Impact of environmental inputs on reverse-engineering approach to network structures

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Background: Uncovering complex network structures from a biological system is one of the main topic in system biology. The network structures can be inferred by the dynamical Bayesian network or Granger causality, but neither techniques have seriously taken into account the impact of environmental inputs. Results: With considerations of natural rhythmic dynamics of biological data, we propose a system biology approach to reveal the impact of environmental inputs on network structures. We first represent the environmental inputs by a harmonic oscillator and combine them with Granger causality to identify environmental inputs and then uncover the causal network structures. We also generalize it to multiple harmonic oscillators to represent various exogenous influences. This system approach is extensively tested with toy models and successfully applied to a real biological network of microarray data of the flowering genes of the model plant Arabidopsis Thaliana. The aim is to identify those genes that are directly affected by the presence of the sunlight and uncover the interactive network structures associating with flowering metabolism. Conclusion: We demonstrate that environmental inputs are crucial for correctly inferring network structures. Harmonic causal method is proved to be a powerful technique to detect environment inputs and uncover network structures, especially when the biological data exhibit periodic oscillations. © 2009 Wu et al; licensee BioMed Central Ltd.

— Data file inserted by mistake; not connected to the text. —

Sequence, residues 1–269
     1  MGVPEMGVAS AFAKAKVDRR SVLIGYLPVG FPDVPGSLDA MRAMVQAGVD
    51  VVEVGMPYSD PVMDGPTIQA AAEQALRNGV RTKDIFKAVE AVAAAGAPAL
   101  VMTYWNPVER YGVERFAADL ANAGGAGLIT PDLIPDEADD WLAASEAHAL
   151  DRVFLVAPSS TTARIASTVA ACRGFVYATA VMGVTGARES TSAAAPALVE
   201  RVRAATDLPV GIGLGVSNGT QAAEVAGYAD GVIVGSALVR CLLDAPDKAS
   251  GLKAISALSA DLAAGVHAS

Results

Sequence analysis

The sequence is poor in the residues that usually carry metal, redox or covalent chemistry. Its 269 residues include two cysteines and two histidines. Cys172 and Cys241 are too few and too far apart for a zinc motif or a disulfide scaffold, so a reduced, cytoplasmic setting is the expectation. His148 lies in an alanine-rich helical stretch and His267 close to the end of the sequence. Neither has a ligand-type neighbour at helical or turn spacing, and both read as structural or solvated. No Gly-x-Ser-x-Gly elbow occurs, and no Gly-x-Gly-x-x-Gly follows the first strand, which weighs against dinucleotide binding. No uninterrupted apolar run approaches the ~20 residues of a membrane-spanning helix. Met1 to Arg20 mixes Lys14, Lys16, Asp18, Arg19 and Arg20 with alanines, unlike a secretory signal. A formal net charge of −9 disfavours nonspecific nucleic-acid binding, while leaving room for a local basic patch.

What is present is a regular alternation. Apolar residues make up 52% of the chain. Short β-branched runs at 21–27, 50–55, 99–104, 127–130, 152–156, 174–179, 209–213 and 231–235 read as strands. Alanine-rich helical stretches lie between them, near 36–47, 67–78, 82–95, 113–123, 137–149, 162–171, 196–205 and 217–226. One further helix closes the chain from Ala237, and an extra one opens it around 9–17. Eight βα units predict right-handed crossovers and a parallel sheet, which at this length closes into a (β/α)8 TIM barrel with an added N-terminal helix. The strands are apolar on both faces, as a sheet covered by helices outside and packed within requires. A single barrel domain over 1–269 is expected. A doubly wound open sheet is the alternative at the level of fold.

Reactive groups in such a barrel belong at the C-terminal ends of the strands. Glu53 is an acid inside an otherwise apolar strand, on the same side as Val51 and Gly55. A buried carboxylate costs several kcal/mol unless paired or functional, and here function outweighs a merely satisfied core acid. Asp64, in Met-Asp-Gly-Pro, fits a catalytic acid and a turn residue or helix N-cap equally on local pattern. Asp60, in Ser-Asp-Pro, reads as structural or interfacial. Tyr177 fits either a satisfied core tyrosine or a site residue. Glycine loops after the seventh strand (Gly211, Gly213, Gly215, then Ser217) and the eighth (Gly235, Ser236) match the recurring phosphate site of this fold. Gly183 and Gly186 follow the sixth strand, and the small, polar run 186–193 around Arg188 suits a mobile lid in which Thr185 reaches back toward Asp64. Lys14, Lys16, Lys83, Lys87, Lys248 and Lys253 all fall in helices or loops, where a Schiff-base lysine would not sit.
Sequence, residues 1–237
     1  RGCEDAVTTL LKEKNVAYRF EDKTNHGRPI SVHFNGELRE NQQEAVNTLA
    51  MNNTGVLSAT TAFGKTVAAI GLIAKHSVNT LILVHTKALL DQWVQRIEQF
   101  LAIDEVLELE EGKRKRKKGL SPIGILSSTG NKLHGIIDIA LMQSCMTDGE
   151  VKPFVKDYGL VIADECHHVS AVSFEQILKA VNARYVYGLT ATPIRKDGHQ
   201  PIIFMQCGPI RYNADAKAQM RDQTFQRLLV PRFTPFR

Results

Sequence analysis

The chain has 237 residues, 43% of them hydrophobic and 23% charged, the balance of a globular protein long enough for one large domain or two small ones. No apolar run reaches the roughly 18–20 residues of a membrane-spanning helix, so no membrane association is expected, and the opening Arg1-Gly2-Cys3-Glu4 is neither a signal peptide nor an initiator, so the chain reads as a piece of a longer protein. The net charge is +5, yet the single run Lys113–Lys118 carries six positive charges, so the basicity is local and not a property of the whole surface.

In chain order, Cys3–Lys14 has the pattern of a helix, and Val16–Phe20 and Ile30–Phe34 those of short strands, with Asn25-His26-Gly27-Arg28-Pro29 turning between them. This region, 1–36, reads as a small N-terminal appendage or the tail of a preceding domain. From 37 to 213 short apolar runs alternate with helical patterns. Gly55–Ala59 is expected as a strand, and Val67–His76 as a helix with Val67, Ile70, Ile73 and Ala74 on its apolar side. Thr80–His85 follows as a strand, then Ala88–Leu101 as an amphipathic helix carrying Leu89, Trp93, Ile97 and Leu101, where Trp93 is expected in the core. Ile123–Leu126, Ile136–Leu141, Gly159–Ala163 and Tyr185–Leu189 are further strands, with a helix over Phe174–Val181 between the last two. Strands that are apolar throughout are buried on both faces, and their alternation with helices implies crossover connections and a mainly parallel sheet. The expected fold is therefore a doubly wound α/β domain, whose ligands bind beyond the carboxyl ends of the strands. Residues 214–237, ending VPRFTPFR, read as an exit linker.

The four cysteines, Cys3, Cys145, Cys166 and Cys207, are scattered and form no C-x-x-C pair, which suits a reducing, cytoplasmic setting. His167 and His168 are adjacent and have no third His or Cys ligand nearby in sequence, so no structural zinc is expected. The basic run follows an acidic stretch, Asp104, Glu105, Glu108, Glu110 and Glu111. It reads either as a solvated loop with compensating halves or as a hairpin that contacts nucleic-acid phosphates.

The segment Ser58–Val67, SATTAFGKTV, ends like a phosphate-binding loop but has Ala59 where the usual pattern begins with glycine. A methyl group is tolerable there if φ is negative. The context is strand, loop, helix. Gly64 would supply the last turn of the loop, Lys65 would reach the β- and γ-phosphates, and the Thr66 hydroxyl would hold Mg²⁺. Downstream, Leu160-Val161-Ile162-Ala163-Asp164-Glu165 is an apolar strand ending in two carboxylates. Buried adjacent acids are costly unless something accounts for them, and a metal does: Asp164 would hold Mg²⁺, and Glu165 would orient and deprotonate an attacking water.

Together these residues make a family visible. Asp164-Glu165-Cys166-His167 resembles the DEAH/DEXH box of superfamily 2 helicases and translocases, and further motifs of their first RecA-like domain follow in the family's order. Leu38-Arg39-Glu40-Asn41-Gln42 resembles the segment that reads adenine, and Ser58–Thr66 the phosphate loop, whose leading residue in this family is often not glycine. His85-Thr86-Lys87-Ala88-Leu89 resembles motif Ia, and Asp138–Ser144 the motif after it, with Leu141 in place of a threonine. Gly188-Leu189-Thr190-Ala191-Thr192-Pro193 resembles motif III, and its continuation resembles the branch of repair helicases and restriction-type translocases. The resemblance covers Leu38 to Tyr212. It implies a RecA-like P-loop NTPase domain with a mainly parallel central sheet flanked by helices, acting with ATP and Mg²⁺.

Wu, J., Sinfield, J. L., Buchanan-Wollaston, V., & Feng, J. (2009). Impact of environmental inputs on reverse-engineering approach to network structures. BMC Systems Biology, 3.

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